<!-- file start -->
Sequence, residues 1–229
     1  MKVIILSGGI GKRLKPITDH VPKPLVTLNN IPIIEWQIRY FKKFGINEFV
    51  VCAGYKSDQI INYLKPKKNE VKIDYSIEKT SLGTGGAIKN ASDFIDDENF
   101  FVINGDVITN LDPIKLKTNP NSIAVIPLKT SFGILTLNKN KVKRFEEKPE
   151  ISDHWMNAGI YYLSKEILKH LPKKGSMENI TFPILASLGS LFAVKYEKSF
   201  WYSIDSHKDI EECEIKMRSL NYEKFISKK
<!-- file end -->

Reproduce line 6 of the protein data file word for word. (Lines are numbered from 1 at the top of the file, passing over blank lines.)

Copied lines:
   201  WYSIDSHKDI EECEIKMRSL NYEKFISKK